The MIPS32® 74Kc™ core from MIPS Technologies is a high-performance, low-power, 32-bit RISC Superscalar core designed for custom system-on-chip (SoC) applications. The core is designed for semiconductor manufacturing
companies, ASIC developers, and system OEMs who want to rapidly integrate their own custom logic and peripherals with a high-performance RISC processor. Fully synthesizable and highly portable across processes, it can be eas-
ily integrated into full SoC designs, allowing developers to focus their attention on end-user products.
The 74Kc core implements the MIPS32 Release 2 Architecture in a superscalar, out-of-order execution pipeline. The
deeply pipelined core can support a peak issue and graduation rate of 2 instructions per cycle. The 74Kc core also
implements the MIPS DSP ASE - Revision 2.0, which provides support for signal processing instructions, and
includes support for the MIPS16e™ ASE and the 32-bit privileged resource architecture. This architecture is supported by a wide range of industry-standard tools and development systems.
The 74Kc core has a Level-1 (L1) Instruction Cache, which is configurable at 0, 16, 32, or 64 KB in size. It is organized as 4-way set associative. Up to four instruction cache misses can be outstanding. The instruction cache is virtually indexed and physically tagged to make the data access independent of virtual to physical address translation. Instruction cache tag and data access are staggered across 2 cycles, with up to 4 instructions fetched per cycle. The superscalar 74Kc core can dispatch up to 2 instructions per cycle into one of the arithmetic-logic unit (ALU) or address generation (AGEN) pipes. The AGEN pipe executes all Load/Store and Control Transfer instructions while the ALU pipe executes all other instructions. Instructions are issued and executed out-of-order; however, the results are buffered and the architectural state of up to 2 instructions per cycle is updated in program order.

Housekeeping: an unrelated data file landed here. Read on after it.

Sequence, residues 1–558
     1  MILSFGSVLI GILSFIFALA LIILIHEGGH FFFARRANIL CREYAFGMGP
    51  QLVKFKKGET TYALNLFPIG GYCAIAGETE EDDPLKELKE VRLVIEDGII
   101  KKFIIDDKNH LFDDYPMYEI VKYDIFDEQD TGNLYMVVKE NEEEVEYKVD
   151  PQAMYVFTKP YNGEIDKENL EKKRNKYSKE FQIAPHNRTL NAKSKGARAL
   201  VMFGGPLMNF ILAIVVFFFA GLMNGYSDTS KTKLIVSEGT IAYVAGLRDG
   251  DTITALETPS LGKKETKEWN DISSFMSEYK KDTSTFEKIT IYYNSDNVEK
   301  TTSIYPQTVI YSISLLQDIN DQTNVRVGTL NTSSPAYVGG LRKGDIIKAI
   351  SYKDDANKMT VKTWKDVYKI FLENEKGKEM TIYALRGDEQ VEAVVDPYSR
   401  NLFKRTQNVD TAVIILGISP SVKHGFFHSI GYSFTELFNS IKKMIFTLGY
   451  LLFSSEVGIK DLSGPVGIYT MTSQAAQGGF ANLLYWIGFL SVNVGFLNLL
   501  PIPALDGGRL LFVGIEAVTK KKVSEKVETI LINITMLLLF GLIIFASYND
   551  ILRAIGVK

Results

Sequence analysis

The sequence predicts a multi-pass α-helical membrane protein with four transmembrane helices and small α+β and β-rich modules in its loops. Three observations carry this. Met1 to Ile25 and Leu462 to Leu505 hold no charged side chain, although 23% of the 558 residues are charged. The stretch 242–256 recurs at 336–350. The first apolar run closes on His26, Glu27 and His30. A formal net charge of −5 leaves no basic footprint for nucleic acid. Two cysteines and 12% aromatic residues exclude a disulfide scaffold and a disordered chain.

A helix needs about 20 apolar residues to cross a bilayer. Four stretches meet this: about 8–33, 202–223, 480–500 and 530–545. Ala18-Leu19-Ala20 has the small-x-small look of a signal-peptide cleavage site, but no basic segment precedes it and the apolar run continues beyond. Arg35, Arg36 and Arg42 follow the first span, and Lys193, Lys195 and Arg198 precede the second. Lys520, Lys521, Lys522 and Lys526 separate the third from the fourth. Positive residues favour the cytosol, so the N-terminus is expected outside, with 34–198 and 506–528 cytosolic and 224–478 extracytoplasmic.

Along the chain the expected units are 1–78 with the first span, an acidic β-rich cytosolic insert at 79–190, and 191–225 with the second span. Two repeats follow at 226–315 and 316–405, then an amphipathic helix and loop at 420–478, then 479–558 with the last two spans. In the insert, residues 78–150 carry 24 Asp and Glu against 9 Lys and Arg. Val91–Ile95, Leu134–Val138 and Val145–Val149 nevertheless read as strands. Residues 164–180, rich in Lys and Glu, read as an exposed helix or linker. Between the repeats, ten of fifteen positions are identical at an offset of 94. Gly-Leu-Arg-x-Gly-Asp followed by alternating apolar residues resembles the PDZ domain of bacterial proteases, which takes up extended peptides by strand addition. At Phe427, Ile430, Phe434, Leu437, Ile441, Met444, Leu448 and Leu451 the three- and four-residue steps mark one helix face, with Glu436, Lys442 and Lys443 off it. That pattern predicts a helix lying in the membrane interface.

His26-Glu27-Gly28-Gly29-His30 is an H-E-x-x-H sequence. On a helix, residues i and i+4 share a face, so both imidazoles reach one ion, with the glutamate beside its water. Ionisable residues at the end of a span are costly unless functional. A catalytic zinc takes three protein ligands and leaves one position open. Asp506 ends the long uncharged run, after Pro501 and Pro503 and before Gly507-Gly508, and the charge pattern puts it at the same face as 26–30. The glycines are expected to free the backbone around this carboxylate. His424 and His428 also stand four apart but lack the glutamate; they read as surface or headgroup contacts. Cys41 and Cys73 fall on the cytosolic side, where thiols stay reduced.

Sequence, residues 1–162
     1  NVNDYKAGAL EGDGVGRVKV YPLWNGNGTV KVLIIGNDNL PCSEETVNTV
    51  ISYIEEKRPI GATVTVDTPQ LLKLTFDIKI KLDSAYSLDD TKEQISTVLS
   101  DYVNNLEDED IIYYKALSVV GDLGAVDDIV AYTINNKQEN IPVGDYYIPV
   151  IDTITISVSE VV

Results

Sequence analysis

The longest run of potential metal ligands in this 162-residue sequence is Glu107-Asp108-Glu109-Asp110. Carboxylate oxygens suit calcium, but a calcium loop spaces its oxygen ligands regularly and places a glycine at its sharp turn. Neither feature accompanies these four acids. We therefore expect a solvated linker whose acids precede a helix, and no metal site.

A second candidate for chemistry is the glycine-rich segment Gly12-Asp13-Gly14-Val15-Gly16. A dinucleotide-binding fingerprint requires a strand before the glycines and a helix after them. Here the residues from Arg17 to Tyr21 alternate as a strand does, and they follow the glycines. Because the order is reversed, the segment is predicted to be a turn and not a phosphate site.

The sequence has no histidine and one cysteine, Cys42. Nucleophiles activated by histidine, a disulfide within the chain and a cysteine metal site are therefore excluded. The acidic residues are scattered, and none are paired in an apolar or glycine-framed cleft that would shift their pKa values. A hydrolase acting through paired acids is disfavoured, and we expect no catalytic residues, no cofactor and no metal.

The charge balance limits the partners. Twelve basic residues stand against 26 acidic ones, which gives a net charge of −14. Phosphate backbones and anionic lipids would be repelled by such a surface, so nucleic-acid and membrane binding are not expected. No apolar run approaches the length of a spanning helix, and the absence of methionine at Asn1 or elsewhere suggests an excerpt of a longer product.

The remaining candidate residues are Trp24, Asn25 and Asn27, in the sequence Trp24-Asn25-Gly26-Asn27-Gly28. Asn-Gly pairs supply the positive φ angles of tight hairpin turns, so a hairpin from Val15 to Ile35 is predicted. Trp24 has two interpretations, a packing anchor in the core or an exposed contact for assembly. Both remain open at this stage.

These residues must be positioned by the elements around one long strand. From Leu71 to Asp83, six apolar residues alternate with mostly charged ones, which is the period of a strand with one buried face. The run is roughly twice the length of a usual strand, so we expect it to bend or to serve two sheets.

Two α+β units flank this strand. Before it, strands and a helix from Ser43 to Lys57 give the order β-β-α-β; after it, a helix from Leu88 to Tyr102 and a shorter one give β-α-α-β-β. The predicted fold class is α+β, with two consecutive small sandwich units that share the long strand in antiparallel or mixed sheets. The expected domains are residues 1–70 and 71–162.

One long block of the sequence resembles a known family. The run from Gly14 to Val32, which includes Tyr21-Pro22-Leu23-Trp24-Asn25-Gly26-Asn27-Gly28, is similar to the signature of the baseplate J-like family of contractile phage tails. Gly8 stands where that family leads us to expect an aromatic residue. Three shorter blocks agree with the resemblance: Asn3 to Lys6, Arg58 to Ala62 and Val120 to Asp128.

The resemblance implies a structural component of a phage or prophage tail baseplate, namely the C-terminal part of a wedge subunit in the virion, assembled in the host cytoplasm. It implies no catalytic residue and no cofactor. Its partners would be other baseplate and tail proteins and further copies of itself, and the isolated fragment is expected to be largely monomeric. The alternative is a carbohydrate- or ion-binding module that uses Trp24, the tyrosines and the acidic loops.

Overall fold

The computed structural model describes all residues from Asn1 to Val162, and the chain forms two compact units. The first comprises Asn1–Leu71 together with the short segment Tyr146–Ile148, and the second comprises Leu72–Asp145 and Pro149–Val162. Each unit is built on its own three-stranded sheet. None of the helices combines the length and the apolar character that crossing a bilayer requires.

The L1 Data Cache is configurable at 0, 16, 32, or 64 KB in size. It is organized as 4-way set associative. Data cache
misses are non-blocking and up to four may be outstanding. The data cache is virtually indexed and physically tagged
to make the data access independent of virtual-to-physical address translation. The tag array also has a virtual address
portion, which is used to compare against the virtual address being accessed and generate a data cache hit prediction.
This virtual address hit prediction is always backed up by a comparison of the translated physical address against the
physical tag. To achieve high frequencies while using commercially available SRAM generators, the cache access
and hit determination is spread across three pipeline stages, dedicating an entire cycle for the SRAM access.
The synthesizable 74Kc core includes a high performance Multiply/Divide Unit (MDU). The MDU is fully pipelined to support a single cycle repeat rate for MAC instructions. The CorExtend® block can utilize the accumulator registers in the MDU block, allowing specialized functions to be efficiently implemented.
The MIPS DSP ASE - Revision 2.0 provides support for a number of powerful data processing operations. There are
instructions for fractional arithmetic (Q15/Q31) and for saturating arithmetic. Additionally, for smaller data sizes,
SIMD operations are supported, allowing 2 × 16 bit or 4 × 8 bit operations to occur simultaneously. Another feature of
the ASE is the inclusion of additional HI/LO accumulator registers to improve the parallelization of independent
accumulation routines. All 32-bit operand arithmetic DSP instructions (except multiply) are executed in the ALU
pipe while the 64-bit operand arithmetic and multiply class DSP instructions are executed in the MDU pipe.
The Bus Interface Unit (BIU) implements the Open Core Protocol (OCP), which has been developed to address the needs of SoC designers. This implementation features 64-bit read and write data buses to efficiently transfer data to and from the L1 caches. The BIU also supports a variety of core/bus clock ratios to give greater flexibility for system design implementations.
Optional support for external Instruction and Data Scratchpad RAM arrays, with reference design supporting DMA interfaces for loading the arrays. An Enhanced JTAG (EJTAG) block allows for software debugging of the processor, and includes a TAP controller as well as optional instruction and data virtual address/value breakpoints. Additionally, real-time tracing of instruction program counter, data address and data values can be supported.
See Mirrors for more download sites.
|Package architecture||Target||Subtarget||↓ Brand||Model||Version|
|mipsel_74kc||brcm47xx||Belkin||Play Max (F7D4301)||1|
|mipsel_74kc||brcm47xx||Belkin||Share Max (F7D3301)||1|
|mipsel_74kc||brcm47xx||mips74k||Cisco||Valet M10||1.0, 2.0|
|mipsel_74kc||brcm47xx||mips74k||Cisco||Valet Plus M20||1.0|
|mipsel_74kc||brcm47xx||mips74k||Ubiquiti||UniFi AP AC|
|mipsel_74kc||brcm47xx||mips74k||Western Digital||My Net AC1300|
|mipsel_74kc||brcm47xx||mips74k||Western Digital||My Net AC Bridge|
|mipsel_74kc||brcm47xx||mips74k||ZTE||ZTE ZXHN H218N|